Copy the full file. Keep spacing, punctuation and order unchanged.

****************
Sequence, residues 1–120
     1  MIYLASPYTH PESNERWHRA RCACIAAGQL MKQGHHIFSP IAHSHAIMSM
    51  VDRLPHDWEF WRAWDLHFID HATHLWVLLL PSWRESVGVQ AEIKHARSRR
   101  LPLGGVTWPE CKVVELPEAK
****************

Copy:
Sequence, residues 1–120
     1  MIYLASPYTH PESNERWHRA RCACIAAGQL MKQGHHIFSP IAHSHAIMSM
    51  VDRLPHDWEF WRAWDLHFID HATHLWVLLL PSWRESVGVQ AEIKHARSRR
   101  LPLGGVTWPE CKVVELPEAK